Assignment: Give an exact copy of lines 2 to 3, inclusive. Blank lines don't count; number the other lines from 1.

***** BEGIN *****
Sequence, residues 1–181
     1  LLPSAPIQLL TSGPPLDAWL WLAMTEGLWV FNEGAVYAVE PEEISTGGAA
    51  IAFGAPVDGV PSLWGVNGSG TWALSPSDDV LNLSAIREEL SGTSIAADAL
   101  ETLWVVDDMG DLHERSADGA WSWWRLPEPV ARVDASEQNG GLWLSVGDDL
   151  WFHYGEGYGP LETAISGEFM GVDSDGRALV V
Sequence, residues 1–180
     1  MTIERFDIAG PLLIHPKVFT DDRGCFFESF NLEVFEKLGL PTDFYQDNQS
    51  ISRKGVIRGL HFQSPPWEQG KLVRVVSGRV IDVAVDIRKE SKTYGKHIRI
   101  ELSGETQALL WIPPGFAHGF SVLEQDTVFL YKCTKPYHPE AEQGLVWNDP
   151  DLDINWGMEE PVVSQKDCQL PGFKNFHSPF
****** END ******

     1  LLPSAPIQLL TSGPPLDAWL WLAMTEGLWV FNEGAVYAVE PEEISTGGAA
    51  IAFGAPVDGV PSLWGVNGSG TWALSPSDDV LNLSAIREEL SGTSIAADAL